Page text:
January 19, 2008
2009 QB prospect meets with Nutt
Look at one position that has contributed perhaps as much as any at Ole Miss' four straight losing seasons and it's the quarterback position.
The failure of David Cutcliffe to have a capable replacement groomed for Eli Manning's position started the downward spiral in 2004, and it's been a position where two coaching staffs have had to deal with the issue.
Former head coach Ed Orgeron was gracious enough to leave a former four star prospect waiting in the wings for Houston Nutt.
Former Florida commitment and Texas signee Jevan Snead has just completed sitting out one year as required by the NCAA and is eligible to play this fall with three years of eligibility remaining.
The issue now is finding a capable backup and successor for Snead, who would technically be eligible for the NFL draft after only a year on the field for Ole Miss.
Two of the best signal callers for the 2009 signing class in Mississippi may be Tupelo's Chris Garrett and Lousiville's Clayton Moore and both have significant connections to Mississippi State. Garrett, who grew up a Mississippi State fan, committed to the Bulldogs last October.
But, when it comes to Moore, there's a different story when it comes to State.
"You can take Mississippi State off my list," Moore said earlier this week. "I grew up a State fan, but that situation is just not going to work out."
The situation is a roster in Starkville that includes primary starter Wesley Carroll set to enter his sophomore season this fall and Garrett set to sign and perhaps be his replacement.
Moore is interested in many other SEC schools including Ole Miss and made a trip on an unofficial visit last week to meet with Nutt.
"It went well," Moore said. "I went down to meet with coach Nutt and we had a nice little talk. I heard a lot of things that I wanted to hear. He's a nice guy."
Moore said that he and Nutt had an agreement not to discuss some of the things that went down in the meeting, including whether or not Ole Miss had offered.
Moore was also reluctant to disclose his favorite teams at this point, preferring to say that he's wide open and would like to play anywhere in the SEC, although noting that there's some good ACC teams that he might be interested in.
For now, Moore prefers to list Ole Miss, Tennessee, Alabama, and Florida as teams he's receiving interest from and is interested in.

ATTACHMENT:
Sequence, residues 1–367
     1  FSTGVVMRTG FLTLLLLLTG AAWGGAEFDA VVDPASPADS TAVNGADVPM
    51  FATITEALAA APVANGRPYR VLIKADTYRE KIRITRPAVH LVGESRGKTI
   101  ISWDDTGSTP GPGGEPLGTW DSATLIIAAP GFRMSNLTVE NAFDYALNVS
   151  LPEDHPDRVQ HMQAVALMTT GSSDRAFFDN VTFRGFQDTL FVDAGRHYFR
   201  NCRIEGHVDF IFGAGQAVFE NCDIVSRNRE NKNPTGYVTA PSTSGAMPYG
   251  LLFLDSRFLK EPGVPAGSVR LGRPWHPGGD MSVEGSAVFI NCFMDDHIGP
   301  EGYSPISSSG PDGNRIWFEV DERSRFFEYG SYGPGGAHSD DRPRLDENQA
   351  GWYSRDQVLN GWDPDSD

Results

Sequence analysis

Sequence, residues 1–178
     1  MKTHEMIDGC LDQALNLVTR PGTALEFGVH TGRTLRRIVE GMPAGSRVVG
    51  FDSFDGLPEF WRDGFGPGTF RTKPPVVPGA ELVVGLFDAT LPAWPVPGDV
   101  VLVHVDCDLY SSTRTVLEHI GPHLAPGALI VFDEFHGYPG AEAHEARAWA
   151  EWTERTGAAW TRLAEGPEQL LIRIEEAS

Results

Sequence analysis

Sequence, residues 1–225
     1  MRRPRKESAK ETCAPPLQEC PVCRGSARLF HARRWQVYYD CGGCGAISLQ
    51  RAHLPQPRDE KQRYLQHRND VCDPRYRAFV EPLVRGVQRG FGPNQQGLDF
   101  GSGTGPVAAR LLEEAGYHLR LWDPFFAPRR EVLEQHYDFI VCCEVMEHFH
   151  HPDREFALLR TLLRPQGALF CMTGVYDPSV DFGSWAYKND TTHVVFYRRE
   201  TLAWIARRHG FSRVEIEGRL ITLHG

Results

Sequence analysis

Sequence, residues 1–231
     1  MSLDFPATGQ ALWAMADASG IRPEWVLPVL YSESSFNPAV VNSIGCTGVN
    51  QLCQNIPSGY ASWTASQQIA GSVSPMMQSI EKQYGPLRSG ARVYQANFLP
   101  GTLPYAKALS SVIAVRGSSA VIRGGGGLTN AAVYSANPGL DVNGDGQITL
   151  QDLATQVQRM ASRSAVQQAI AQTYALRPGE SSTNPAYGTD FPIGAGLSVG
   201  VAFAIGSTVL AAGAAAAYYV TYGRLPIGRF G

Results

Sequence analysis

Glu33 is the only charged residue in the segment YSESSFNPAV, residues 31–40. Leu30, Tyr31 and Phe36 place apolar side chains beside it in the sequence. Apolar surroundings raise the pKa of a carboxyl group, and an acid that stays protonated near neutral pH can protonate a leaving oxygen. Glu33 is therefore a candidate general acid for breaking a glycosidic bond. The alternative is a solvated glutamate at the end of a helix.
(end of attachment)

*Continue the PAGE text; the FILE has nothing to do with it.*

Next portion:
Moore, a 6-foot-1, 205 pound prospect with 4.8 speed, said that his junior season went well as his team won the state championship with a "real good" team. Moore threw for more than 3,000 yards and rushed for 850 more with a total of 40 touchdowns.
Moore grew up in Starkville and lived there until the ninth grade.
"I grew up a huge State fan," Moore said. "My Dad went to State, but my Mom's side is all Ole Miss.
Moore noted that his great, great aunt is Alma Meeks, who suggested the name "Ole Miss" that was selected in 1896 to be the name of the school year book. The name eventually became synonymous with the University of Ole Miss.
Moore's name got on Ole Miss' radar when Moore and his uncle made a highlight tape and drove up unannounced and gave it to a graduate assistant.
During the coaching staff transition, the highlight film disappeared and Moore's uncle made another copy and again walked in at Ole Miss, this time giving it to new defensive coordinator Tyrone Nix, who showed it to Nutt and an unofficial visit ensued.
"The first thing, I was surprised at how tall coach Nutt is," Moore said. "He has to be 6-foot-2 or 6-foot-3. He's very energetic. He spoke with a loud, deep voice and very passionately. He sounds like a guy you would want in your foxhole. I like him a lot."
Moore had previously made a trip to Oxford as the former staff had been in contact and had provided a game pass.
"I went up for the LSU game," Moore said. "The stadium was just electric. I just loved the atmosphere."
With Moore's name popping up more and more on the recruiting scene, there's no loss of references to him having the same name as the former actor who played the Lone Ranger on a long running television series in the 1950s and being referred to as the Lone Ranger.
"I don't get tired of it," Moore said. "It's kind of cool."
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